Design Thinking for Tech Selection, Part 1: Empathize (Video)
In his presentation at KMWorld 2018, Real Story Group's Jarrod Gingras discussed how to apply the five phases of design thinking—empathy, definition, ideation, prototyping, and testing in choosing the right technology, and started with the first phase: empathy.
Gingras suggested to attendees that the first step involves the creation of narrative scenarios that encompass the entire experience of what it is you're trying to create. “Don't focus on the laundry list of features. Think about the entire experience. And we always say, there's a bit of art and science here because you want to be descriptive without being overly prescriptive as to how the solution should be. So, describe your future way of working, but don't prescribe how it could work.”
Gingras said that people should not go out and try to design the system on day-one. “There will be time for that. Instead, I want you to get into the heads of your employees as much as you can.”
While it is tempting to think about technology as a stack of just technologies, but what's missing from those stacks is the people, he said.
“We want you to put people at the center. Think about what applications those people need to work better and do their work in the best possible ways, and then think about the technology that supports that. If you start with the people, you'll start to be able to think about, okay, what do these people need at every step of the way to accomplish what they're trying to do? When you get out of the mindset of requirements gathering and functional requirements gathering, and start to say how can we describe a future way of working, what you end up with is a narrative scenario; a narrative scenario that uses real people, real actors.”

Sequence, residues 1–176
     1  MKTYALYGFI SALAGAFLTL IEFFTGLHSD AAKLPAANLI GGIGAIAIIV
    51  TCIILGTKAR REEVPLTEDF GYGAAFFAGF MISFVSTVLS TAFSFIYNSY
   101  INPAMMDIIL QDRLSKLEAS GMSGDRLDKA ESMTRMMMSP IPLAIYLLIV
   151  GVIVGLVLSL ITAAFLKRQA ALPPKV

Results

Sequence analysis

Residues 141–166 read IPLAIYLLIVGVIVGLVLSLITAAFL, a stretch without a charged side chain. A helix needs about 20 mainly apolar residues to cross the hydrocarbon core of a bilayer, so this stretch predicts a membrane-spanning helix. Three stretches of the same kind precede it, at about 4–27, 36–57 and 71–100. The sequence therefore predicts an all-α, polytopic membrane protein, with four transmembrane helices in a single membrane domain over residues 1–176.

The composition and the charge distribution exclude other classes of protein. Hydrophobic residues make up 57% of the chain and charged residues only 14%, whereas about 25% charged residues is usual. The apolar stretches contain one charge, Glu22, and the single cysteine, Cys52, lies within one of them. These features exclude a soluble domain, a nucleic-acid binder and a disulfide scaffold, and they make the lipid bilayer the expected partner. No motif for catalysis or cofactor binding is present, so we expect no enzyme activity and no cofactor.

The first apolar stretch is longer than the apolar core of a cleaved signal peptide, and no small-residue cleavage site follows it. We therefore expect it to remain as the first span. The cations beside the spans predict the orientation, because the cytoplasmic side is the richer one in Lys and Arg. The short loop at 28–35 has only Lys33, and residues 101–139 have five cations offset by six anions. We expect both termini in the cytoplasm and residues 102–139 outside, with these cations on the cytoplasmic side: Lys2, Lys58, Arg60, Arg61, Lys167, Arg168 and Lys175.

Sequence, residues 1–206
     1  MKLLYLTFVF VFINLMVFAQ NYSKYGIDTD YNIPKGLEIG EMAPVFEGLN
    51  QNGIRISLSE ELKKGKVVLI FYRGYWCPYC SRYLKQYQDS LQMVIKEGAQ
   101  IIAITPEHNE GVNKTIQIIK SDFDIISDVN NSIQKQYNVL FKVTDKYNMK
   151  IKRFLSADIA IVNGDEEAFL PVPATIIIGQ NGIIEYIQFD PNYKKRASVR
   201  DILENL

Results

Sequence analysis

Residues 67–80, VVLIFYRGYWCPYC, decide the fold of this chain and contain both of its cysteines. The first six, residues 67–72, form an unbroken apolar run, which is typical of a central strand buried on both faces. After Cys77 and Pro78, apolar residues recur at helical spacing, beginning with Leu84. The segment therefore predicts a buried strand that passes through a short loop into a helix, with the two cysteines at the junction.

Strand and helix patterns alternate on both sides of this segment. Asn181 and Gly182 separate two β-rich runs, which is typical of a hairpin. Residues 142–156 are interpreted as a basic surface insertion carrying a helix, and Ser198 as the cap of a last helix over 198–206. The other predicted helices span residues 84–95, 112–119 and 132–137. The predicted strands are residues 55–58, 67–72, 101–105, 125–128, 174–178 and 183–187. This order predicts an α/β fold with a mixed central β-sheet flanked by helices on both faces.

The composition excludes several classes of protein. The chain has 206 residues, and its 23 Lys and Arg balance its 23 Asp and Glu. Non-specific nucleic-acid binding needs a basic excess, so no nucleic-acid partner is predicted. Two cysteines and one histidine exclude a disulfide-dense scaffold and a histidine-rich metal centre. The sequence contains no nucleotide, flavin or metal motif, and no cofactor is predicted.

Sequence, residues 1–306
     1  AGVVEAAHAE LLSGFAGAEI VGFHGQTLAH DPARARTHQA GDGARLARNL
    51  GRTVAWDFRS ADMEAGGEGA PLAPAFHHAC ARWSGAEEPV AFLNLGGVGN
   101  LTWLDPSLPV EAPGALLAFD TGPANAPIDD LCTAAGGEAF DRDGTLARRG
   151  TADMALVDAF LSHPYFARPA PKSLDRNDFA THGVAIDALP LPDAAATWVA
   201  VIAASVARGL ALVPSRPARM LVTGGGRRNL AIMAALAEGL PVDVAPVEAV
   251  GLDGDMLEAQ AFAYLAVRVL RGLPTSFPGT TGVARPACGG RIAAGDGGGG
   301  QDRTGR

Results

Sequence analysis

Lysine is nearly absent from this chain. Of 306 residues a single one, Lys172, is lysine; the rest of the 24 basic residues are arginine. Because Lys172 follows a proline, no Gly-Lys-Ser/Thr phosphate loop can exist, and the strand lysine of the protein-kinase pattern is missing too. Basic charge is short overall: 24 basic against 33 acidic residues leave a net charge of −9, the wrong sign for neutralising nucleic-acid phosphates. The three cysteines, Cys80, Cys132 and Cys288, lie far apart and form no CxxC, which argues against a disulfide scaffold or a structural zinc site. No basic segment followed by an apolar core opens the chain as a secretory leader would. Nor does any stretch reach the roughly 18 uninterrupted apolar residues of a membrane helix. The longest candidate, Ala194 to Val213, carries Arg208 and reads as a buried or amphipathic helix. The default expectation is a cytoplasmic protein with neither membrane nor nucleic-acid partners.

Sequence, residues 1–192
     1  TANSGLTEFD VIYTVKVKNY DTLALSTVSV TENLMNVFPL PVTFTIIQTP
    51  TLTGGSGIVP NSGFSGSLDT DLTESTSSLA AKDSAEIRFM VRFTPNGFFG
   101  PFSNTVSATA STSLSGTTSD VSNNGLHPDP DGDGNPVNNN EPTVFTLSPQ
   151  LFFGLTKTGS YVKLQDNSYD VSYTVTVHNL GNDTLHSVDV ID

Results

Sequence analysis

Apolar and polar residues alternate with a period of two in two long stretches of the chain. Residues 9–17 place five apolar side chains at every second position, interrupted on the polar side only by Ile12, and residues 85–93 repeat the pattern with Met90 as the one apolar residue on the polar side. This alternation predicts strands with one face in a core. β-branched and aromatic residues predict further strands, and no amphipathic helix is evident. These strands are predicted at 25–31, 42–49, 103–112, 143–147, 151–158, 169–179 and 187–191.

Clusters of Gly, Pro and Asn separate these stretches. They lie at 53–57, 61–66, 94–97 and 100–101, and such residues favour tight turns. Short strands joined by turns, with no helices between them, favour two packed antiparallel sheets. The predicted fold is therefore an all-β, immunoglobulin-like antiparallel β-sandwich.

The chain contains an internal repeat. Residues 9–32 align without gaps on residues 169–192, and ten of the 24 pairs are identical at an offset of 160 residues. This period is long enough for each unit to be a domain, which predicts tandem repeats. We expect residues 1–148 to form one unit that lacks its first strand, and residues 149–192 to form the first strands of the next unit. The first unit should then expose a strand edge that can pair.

Many speakers have made their presentations available at www.kmworld.com/Conference/2018/Presentations.aspx.
Learn more at KMWorld 2019, coming to Washington, DC, Nov. 5-7.
Watch the complete video of this presentation in the KMWorld Conference 2018 Video Portal.